Mr GEPP (Northern Victoria) (17:48): I rise today to speak on this very important bill, the Education and Training Reform Amendment (Regulation of Student Accommodation) Bill 2020. It is so very nice to be in the chamber when everybody is speaking positively about a bill—where we are all as one. It brings out the best, I think, in this place when we can come together as a Parliament and focus on a bill that is going to do such fundamental good in our society. As so many speakers have already said in this debate so far, there is nothing more precious in our community or in our society than our children. A sacred trust exists between children and adults, and in that equation we must always protect those children as best we possibly can. Proudly this bill aims to achieve that.
The bill amends the Education and Training Reform Act 2006 to expand the regulatory powers of the Victorian Registration and Qualifications Authority, the VRQA, to register and regulate Victorian school boarding premises. The registration and regulation of those school boarding premises are intended to ensure, as I say, that they are child safe environments. The bill will amend the act to expand the powers, as others have said, of the VRQA to regulate those school boarding premises. It will require, importantly, the registration of school boarding premises with the VRQA. It will also prescribe and enable the regulations to further prescribe minimum standards for the registration of school boarding premises, including in relation to Victorian child safe standards in accordance with a ministerial order for managing the risk of child abuse under this act. It will also set out processes for reviewing the compliance of school boarding premises with the prescribed minimum standards for registration, and most importantly, it will provide the VRQA with the necessary compliance and enforcement powers to ensure those school boarding premises satisfy the minimum standards for the registration.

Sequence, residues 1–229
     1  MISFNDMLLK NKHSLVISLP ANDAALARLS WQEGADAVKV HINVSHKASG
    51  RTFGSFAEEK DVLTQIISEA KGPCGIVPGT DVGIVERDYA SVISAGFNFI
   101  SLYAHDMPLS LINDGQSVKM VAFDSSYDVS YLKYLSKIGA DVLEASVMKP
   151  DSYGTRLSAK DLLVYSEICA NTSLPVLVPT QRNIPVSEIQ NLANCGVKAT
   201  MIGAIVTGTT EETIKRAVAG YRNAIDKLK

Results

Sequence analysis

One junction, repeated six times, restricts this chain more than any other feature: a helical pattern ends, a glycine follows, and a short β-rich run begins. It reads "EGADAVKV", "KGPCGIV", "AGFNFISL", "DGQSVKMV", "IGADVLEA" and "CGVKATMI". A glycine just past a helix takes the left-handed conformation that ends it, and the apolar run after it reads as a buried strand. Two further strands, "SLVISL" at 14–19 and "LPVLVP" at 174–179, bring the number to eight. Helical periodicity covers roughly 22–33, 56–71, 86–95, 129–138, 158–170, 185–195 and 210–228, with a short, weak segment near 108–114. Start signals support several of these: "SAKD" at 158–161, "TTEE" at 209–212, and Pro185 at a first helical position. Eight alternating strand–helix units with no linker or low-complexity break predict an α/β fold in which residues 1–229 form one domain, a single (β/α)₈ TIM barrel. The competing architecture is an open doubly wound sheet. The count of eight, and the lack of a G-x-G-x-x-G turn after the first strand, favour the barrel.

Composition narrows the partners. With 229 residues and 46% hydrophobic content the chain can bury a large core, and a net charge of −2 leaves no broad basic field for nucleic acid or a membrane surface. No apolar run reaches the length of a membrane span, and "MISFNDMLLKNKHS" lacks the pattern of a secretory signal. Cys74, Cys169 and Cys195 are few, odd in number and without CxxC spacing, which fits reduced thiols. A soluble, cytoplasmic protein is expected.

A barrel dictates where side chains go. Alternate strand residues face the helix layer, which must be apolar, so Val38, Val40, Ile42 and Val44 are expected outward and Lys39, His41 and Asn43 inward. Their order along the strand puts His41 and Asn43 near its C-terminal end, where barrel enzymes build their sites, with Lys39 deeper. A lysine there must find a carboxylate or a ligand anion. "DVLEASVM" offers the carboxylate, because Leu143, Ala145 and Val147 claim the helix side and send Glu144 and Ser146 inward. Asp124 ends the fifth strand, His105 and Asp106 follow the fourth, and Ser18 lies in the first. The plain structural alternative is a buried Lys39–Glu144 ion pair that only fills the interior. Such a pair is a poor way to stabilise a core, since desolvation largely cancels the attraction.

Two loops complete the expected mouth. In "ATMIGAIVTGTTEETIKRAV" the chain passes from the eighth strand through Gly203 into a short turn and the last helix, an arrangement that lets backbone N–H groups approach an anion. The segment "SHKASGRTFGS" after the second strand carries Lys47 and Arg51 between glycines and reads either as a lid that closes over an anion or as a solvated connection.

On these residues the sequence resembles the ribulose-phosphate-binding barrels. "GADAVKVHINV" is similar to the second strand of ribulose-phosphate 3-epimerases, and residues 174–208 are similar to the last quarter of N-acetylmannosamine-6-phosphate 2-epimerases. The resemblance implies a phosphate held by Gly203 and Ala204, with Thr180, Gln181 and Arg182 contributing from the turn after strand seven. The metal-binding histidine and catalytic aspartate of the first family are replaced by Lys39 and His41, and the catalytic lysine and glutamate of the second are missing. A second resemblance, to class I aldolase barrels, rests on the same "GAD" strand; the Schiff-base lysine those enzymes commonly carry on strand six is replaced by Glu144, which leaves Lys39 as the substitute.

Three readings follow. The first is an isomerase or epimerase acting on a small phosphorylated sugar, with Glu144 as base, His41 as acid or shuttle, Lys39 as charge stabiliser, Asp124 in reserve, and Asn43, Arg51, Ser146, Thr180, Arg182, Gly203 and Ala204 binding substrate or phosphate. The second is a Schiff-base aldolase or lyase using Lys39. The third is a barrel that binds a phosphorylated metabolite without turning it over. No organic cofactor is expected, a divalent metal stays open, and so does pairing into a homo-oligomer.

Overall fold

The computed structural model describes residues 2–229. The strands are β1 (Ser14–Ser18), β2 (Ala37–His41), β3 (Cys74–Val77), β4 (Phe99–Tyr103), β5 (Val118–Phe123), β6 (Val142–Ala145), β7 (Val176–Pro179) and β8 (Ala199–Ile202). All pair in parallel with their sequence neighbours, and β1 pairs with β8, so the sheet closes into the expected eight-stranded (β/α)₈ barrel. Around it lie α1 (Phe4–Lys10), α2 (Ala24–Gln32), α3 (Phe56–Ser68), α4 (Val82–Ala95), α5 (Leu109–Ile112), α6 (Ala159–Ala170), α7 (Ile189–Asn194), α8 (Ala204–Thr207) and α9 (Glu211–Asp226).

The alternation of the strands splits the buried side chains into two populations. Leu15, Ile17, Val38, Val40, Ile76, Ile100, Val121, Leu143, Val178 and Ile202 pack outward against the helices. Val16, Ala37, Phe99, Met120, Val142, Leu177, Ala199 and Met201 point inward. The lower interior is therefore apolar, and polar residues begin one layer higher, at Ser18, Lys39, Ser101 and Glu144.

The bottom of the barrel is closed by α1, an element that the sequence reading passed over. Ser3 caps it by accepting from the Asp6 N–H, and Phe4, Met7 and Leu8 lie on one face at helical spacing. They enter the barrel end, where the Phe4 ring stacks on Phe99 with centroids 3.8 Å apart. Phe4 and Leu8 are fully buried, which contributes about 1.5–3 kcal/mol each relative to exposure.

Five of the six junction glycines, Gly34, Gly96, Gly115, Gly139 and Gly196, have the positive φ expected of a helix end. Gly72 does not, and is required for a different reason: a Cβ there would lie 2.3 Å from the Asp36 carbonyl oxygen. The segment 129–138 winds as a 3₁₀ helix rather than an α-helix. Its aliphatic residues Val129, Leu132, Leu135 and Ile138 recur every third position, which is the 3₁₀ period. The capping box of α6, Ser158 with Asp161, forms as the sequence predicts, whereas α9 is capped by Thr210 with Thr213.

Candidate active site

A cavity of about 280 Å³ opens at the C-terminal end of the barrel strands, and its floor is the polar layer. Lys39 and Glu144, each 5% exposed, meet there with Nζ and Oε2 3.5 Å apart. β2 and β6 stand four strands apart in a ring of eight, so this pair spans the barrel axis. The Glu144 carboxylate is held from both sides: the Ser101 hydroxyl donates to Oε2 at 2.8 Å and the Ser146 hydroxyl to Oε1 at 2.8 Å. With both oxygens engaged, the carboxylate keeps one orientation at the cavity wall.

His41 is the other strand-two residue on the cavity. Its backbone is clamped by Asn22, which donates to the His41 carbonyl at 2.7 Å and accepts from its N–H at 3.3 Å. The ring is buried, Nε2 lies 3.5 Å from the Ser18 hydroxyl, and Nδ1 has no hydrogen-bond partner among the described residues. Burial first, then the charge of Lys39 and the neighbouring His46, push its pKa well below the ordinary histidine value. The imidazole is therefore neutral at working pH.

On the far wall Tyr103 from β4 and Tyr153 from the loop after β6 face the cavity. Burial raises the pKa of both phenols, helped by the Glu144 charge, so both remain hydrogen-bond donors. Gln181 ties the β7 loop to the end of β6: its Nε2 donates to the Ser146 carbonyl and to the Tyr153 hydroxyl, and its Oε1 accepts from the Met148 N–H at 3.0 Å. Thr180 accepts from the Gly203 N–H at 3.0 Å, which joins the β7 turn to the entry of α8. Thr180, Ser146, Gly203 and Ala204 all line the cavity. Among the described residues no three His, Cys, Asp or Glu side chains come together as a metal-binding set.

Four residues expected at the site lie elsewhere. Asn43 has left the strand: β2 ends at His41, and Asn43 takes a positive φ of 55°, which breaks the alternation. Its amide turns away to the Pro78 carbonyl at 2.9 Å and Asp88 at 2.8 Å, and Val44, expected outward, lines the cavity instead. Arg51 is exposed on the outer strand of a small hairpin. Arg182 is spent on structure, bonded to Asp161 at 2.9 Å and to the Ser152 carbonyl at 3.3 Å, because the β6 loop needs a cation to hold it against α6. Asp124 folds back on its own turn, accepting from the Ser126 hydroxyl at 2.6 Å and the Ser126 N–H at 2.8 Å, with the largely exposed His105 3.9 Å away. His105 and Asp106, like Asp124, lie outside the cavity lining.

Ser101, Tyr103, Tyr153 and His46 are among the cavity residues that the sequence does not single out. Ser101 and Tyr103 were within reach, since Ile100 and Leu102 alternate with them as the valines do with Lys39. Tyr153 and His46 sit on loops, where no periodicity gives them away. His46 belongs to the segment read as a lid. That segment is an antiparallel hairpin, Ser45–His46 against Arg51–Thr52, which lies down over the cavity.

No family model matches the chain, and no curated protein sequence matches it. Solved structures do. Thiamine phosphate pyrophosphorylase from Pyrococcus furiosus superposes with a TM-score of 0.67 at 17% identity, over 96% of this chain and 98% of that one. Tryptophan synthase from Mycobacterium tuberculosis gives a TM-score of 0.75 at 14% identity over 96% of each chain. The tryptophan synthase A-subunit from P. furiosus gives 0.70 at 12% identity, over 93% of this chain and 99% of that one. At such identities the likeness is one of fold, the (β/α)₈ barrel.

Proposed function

But why do we need these standards? As Dr Bach alluded to, I too was very surprised to learn that in fact there are no government regulators that directly monitor the compliance of school boarding premises with the Victorian child safe standards. You would think in 2020: how could that be? If that alone were the reason for this bill, then it should be warmly received by everybody in this place.
The regulation of boarding schools for compliance with those standards was of course a recommendation by the Royal Commission into Institutional Responses to Child Sexual Abuse. The royal commission identified boarding schools as a particularly high-risk environment for students, and in Victoria some school boarding premises have been the site, as we know, of some terrible, terrible, terrible historic cases of child sexual abuse.